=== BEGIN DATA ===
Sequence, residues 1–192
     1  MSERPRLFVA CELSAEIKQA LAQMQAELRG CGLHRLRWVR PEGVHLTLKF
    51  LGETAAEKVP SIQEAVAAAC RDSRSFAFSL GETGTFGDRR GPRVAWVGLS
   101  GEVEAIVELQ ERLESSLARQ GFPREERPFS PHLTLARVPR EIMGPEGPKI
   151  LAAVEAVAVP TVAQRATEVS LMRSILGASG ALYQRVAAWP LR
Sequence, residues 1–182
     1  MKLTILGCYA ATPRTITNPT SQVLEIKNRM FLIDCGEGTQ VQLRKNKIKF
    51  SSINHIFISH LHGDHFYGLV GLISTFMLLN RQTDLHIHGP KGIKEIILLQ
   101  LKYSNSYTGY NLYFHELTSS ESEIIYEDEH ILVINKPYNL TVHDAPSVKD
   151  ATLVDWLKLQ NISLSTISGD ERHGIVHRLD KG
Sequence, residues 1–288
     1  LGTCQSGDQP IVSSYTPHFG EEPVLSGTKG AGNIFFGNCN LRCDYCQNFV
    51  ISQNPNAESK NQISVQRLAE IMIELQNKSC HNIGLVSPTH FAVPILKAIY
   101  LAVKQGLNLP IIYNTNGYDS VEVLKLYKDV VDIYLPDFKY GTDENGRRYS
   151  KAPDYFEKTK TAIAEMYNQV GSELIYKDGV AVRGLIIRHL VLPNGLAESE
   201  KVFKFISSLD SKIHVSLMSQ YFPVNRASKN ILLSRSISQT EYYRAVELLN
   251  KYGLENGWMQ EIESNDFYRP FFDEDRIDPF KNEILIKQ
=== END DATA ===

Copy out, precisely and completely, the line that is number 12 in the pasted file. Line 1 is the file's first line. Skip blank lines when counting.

     1  LGTCQSGDQP IVSSYTPHFG EEPVLSGTKG AGNIFFGNCN LRCDYCQNFV